Insight & Analysis

COP28: is this time different?

Published: Dec 2023

As 70,000 people descended on Dubai to discuss climate change, the COP28 summit attracted negative attention because the host – the United Arab Emirates – is one of the world’s largest oil producers, calling into question its commitment to phase out, or phase down, the use of fossil fuels.

Environmental technology concept for sustainable development goals

Multilateral negotiations can be tough at the best of times, and when it comes to reaching agreement on climate goals, there is a lot that needs to be thrashed out. As 70,000 delegates from around the world meet in Dubai for the COP28 – which runs until 12th December – many are hoping progress can be made, and this time things will be different.

Even the name of the summit is complicated. COP28 is the short version of the 2023 Conference of Parties of the United Nations Framework Convention on Climate Change (UNFCC), all the countries that have signed up to UN goals on climate change.

This year’s summit has attracted negative attention because the host – the United Arab Emirates (UAE) – is one of the top 10 oil producers in the world, calling into question how seriously the event can be taken. The COP28 president, Sultan Ahmed Al Jaber, is also the Managing Director and CEO of Abu Dhabi National Oil Company (ADNOC) and has been plagued by negative headlines. The BBC suggested the event would be used to sign oil and gas deals, and the Guardian drew attention to an online debate from November where Al Jaber seemingly questioned the science behind the UN’s climate goals.

Since the Paris Agreement in 2015, the COP countries have been committed to capping global temperature increases to 1.5°C, the level deemed necessary to prevent the worst damage from climate change.

To get there, however, there needs to be a commitment by all parties to wean themselves off fossil fuels, in a ‘phase out’ or a ‘phase down’ – the phrasing of which has proved to be a major bone of contention in the COP28 climate talks.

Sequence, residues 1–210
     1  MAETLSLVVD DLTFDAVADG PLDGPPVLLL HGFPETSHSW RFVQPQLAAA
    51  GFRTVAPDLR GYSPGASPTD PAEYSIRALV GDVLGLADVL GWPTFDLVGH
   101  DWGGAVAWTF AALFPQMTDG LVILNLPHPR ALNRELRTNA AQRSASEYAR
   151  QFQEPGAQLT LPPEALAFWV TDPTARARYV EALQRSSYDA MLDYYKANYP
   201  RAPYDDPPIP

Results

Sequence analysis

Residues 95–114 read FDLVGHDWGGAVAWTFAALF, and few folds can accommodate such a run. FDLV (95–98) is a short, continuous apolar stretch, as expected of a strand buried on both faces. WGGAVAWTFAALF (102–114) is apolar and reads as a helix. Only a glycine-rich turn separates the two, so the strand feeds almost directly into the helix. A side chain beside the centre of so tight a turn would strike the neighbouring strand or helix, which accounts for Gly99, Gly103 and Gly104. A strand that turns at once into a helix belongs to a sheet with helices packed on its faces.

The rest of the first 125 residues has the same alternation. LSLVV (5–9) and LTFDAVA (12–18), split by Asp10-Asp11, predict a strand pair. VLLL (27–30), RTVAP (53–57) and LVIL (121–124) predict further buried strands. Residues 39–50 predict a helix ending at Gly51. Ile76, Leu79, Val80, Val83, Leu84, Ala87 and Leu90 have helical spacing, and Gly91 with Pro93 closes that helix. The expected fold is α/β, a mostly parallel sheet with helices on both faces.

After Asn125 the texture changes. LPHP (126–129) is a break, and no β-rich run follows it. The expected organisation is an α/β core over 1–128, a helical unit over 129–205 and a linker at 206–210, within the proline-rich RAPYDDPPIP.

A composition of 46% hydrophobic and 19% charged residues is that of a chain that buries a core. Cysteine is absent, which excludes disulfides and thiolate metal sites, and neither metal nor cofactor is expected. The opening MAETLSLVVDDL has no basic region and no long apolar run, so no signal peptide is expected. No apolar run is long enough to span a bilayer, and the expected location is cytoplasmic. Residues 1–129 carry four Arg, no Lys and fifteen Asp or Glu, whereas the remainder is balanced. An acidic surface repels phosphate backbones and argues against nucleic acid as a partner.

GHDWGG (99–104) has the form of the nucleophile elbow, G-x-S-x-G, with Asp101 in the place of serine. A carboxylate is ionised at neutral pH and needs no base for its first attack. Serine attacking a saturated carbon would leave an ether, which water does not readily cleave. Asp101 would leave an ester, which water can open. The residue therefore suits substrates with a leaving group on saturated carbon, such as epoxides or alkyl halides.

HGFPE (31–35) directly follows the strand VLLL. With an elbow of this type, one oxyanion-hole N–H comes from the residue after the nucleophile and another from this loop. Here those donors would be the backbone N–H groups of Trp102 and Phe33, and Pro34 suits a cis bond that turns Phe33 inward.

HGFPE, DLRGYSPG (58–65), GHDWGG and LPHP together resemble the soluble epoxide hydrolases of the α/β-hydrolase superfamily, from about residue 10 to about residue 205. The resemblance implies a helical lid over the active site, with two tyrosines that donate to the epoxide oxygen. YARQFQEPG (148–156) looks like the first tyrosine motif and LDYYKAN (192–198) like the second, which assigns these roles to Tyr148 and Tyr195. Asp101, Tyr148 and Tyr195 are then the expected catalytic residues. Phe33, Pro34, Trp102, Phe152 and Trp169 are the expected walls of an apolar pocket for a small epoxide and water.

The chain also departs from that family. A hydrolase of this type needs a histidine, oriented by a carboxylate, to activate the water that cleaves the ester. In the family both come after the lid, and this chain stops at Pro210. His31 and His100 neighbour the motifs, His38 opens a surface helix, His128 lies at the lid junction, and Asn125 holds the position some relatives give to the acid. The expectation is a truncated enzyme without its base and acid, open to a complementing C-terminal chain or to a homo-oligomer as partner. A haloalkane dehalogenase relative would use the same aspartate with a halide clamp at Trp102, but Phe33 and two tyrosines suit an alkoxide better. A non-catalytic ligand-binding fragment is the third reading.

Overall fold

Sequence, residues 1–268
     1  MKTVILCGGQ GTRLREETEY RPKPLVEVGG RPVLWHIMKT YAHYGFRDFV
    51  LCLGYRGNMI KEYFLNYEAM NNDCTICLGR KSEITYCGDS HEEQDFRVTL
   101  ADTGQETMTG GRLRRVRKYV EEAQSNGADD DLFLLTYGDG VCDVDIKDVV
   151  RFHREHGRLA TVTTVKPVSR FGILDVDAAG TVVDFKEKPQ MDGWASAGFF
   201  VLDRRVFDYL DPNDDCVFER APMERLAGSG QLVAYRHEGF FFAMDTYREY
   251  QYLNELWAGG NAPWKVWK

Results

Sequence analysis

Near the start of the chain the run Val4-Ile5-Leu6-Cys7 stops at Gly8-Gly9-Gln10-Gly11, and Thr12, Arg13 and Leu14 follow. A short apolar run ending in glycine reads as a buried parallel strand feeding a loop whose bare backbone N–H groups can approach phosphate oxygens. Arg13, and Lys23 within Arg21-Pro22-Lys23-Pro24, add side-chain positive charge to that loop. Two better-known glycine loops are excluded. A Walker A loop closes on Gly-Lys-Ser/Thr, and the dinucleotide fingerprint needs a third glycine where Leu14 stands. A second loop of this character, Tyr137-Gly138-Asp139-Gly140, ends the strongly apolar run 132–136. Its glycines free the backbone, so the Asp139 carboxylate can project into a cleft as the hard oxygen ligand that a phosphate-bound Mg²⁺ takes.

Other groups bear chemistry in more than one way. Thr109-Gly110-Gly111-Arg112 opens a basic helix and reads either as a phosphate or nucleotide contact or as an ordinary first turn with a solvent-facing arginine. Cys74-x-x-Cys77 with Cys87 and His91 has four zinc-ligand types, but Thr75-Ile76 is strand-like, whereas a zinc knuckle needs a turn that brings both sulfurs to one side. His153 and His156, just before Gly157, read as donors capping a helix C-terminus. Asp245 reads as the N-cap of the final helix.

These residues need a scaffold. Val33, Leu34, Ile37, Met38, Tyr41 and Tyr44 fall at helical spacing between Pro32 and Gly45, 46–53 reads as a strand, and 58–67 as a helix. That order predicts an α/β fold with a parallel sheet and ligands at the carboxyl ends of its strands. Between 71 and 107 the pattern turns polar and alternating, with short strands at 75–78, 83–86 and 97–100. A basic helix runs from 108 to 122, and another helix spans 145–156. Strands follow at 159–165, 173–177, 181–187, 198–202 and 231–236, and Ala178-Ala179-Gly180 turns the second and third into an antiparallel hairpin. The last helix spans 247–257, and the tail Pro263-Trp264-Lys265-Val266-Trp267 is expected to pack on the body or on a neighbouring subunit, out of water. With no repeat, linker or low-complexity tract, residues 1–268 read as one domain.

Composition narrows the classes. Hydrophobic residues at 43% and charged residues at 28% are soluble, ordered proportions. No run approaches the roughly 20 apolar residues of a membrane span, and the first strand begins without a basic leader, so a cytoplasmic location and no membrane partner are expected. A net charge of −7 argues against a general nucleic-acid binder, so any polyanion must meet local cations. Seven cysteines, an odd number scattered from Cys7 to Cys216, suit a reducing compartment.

Al Jaber was reported as previously saying, there is “no science out there, or no scenario out there, that says the phase-out of fossil fuel is what’s going to achieve 1.5 [degrees].” Since then, he has said this was taken out of context and stated he respects science. “I have repeatedly said that it is the science that has guided the principles or strategy as COP28 president. We have always built everything, every step of the way, on the science, on the facts.”

Rather than focusing on his role as the CEO of an oil company, observers could equally look to Al Jaber’s experience as the Chair of Masdar – also known as the Abu Dhabi Future Energy Company – a state-owned renewable energy company that has developed clean alternatives to oil such as wind and solar power.

There are signs this climate summit will be different. This COP28 is the first time there will be a global stocktake of the countries’ progress since they signed up to the commitments of the Paris Accords.

According to figures from the UN Environment Programme, the world is far off the 1.5°C and is projected to reach between 2.4°C and 2.7°C of temperature increases by 2100. With figures like these, the opportunity for taking corrective action is closing.

The opening of COP28 was also marked with the announcement of a new fund to help poor nations with disasters, to which a number of countries have already pledged hundreds of millions of dollars. Al Jaber also mentioned the UAE had announced the largest private investment vehicle for climate change action – Alterra – and a US$30bn commitment to climate financing, with the aim of mobilising US$250bn of private sector investment by 2030. “We all know that climate finance is not available, accessible or affordable enough. This is impacting lives and livelihoods across the Global South,” said Al Jaber. He also said, “No single initiative will create the climate finance system we need. Together, we must build a holistic ecosystem of solutions.”

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